This leads in turn to many symptoms some due to elevated catecholamines(epinephrine and norepinephrine) Oversecretion also leads to an enlarged thyroid gland and a goiter.
Graves disease is the major cause of hyperthyroidism. It is an autoimmune disease due to antibodies binding to TSH which leads to increased production of T3 and T4.
Another cause is inflammation of the thyroid or Thyroiditis, thyroid nodules, or synthetic thyroid medication.
Typical hyperthyroidism signs are due to the hypermetabolic state. Everything just runs fast and high with the basal metabolic rate sometimes increasing 60-100% above normal.
Signs and symptoms of a hyperthyroidism
- Nervousness and irritability
- weight loss despite increased appetite
- increased heart rate(tachycardia)
- shortness of breath, palpitations
- excessive sweating
- muscle cramps
- heat intolerance
- fine tremor
- bulging eyes\ (ophthalmopathy
- thin hair and skin
Insulin is a hormone produced by the pancreatic beta cells and aids the cells to use glucose for energy.
Insulin in the homeostatic ( balanced state) increases when blood glucose increases.
In type one diabetes, the beta cells produce no insulin whatsoever while in type two, normal or subnormal production may occur but the cells are not responsive to it.
So, the pancreases increase the production of insulin trying to meet the demand for increased blood glucose until they get exhausted and stop insulin production altogether. Insulin resistance leads to hyperglycemia and diabetes.
Insulin is a fat-storage hormone and an imbalance causes fat accumulation around the belly. This can lead to metabolic syndrome, increased cortisol, and androgen imbalance, and contribute to PCOS.
The reasons for this imbalance can be due to a diet with too much processed foods, stress, sleeplessness, or even sickness. But in type 1, the problem is not diet-related but beta cell malfunction.
Insulin resistance is a serious problem that leads to systemic health issues including problems in the nervous system with neuropathy and even mental changes at times.
Studies have shown that insulin resistance and diabetes are also associated with an increased risk of cognitive impairment and Alzheimer’s disease. So these are all the more reasons to strive to streamline our lifestyles.
Related: How to boost your metabolism and lose weight
Signs of insulin Imbalance
- Obesity, increased waist circumference
- excessive blood sugar
- skin changes-hyperpigmentation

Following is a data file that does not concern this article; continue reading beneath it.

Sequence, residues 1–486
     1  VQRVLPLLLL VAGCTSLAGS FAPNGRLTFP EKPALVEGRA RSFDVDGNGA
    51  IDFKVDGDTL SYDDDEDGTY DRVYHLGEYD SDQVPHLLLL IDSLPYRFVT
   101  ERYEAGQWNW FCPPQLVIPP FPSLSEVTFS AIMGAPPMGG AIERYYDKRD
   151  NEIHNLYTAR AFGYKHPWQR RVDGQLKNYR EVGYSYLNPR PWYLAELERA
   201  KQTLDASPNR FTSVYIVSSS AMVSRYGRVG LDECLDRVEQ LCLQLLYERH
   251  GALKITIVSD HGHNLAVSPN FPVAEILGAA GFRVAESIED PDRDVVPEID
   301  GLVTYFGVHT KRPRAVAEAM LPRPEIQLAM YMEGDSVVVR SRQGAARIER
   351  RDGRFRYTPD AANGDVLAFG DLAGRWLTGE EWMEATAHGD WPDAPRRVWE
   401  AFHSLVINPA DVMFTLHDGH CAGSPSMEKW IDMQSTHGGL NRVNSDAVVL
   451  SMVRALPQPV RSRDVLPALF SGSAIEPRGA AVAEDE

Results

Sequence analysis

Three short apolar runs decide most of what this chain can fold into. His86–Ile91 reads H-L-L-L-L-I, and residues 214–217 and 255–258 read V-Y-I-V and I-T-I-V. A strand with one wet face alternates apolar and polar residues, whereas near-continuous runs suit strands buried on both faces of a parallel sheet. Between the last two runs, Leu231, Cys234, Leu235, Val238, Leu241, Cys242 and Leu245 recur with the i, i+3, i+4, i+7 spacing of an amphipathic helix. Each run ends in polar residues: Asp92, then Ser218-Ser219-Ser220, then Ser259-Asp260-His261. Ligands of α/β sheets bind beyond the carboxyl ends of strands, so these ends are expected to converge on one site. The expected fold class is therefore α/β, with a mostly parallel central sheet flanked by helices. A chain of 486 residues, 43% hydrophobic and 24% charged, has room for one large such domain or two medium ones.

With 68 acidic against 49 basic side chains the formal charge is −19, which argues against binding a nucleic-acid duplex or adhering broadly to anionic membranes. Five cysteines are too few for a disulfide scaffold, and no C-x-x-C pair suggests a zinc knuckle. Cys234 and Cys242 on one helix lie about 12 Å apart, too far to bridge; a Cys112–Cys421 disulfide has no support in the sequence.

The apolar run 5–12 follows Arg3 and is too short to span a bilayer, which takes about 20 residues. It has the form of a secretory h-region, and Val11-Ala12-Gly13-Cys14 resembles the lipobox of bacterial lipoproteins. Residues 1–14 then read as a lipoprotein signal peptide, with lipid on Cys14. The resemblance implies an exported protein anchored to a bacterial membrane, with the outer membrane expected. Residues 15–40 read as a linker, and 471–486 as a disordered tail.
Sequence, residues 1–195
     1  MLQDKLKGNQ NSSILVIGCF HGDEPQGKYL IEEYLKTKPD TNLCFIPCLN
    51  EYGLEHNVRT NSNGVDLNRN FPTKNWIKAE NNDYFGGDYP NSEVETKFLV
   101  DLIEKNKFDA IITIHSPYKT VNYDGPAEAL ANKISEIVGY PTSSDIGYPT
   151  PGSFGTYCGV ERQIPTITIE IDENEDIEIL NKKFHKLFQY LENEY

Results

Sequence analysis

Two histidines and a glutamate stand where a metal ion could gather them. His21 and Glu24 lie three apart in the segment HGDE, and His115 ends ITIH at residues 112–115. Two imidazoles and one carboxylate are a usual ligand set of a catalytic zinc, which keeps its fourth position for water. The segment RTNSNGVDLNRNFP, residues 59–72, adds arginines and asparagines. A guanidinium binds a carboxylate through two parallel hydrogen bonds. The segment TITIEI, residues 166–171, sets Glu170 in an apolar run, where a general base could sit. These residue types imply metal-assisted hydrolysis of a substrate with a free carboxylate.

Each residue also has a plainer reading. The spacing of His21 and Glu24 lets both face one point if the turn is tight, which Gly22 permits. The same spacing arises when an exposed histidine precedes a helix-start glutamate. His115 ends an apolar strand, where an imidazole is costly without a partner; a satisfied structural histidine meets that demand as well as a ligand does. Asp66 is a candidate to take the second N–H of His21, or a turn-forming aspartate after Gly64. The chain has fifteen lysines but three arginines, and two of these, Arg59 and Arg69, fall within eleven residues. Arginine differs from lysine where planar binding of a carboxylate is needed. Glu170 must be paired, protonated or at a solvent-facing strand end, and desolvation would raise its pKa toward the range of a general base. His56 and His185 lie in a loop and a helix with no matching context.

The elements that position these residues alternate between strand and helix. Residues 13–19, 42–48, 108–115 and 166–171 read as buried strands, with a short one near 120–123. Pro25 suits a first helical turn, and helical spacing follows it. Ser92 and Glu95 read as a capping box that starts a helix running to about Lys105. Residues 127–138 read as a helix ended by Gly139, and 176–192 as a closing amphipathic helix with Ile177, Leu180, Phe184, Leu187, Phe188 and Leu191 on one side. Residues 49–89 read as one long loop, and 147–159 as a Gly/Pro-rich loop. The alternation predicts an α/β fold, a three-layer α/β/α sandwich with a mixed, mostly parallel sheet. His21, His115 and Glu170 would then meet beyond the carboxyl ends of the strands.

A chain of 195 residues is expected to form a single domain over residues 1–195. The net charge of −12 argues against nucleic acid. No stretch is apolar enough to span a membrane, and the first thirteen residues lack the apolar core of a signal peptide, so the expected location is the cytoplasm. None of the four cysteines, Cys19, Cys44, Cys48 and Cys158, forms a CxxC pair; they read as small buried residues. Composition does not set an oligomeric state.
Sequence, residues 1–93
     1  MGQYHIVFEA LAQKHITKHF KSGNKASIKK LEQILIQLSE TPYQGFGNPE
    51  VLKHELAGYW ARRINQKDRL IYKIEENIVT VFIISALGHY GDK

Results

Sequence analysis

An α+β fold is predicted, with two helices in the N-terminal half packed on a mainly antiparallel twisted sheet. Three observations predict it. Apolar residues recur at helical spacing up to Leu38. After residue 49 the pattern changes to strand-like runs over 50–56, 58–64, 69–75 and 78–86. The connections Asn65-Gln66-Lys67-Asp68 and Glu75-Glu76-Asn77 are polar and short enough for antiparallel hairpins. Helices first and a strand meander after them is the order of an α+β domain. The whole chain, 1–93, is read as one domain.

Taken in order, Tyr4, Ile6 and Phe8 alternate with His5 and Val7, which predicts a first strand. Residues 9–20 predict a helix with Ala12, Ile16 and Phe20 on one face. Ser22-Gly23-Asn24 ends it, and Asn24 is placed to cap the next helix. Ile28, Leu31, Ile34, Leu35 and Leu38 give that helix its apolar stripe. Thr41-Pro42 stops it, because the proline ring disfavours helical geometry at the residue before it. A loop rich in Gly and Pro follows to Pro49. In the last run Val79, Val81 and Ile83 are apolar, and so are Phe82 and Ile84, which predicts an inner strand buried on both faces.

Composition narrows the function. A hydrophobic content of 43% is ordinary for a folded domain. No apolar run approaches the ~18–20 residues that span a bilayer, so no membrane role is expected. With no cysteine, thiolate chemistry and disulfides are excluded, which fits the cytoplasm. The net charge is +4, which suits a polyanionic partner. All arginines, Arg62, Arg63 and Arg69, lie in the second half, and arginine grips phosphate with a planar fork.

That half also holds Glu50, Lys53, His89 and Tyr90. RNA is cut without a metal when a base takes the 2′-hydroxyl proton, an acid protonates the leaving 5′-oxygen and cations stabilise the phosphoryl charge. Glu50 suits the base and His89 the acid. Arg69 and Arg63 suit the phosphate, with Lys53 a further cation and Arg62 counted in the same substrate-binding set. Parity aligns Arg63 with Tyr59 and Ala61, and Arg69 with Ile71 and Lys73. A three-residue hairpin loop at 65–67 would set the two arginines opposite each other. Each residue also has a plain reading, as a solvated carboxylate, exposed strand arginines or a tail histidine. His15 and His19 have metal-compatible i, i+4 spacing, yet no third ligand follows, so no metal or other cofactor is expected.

- Increased LDL and low HDL
- Hypertension, arterial plaques(atherosclerosis)
- hyperandrogenism and PCOS
- protein in the urine,
- increased uric acid
- and metabolic syndrome.
A major factor that leads to metabolic syndrome that can lead to diabetes type 2 is obesity. Approximately 80 to 90 percent of people with DM 2 is are overweight.
Being overweight can increase insulin resistance and impair suppression of insulin production by the liver as well.
This risk is especially high in people with central obesity or obesity around the stomach.
Estrogen is one of the female hormones produced by the ovaries.
Some small amounts of estrogens are also produced in the adrenal cortex, and androgens can be converted to estrogen, especially in fat tissues.
There are three types of estrogens E1, E2, E3. E2 or ESTRADIOL Is the most potent and most abundant in the body.
Estrogens are important in the growth and development and maturation in females, but apart from that, estrogen is important in other metabolic functions as well.
They include maintaining the normal structure of the skin, and blood vessels in women.
Estrogen also decreases the rate of bone loss by preventing the parathyroid hormone from mineralizing( taking the calcium from bones into the blood)the bones. So you can see how one hormone controls the action of another.
Estrogen also increases the synthesis of protein in the liver for transporting other hormones, including estrogen, thyroxine, testosterone, and many others.
Estrogens produce an increased of HDL, lower LDL, and reduce cholesterol levels, and this explains why in menopause women start gaining weight as their estrogen levels diminish.
Estrogens have cardioprotective effects too.
They prevent plaque buildup on arterial walls, prevent clot formation as well as have an antioxidant effect.
They improve glucose metabolism, have an effect on insulin levels, and a direct effect on heart function, a protective effect on cognitive function and memory. Studies have shown a decrease in cognitive function in women who have had an oophorectomy( removal of ovaries) before menopause.
Estrogen also promotes nerve function and signal transmission by increasing the production of neurotransmitters and receptors.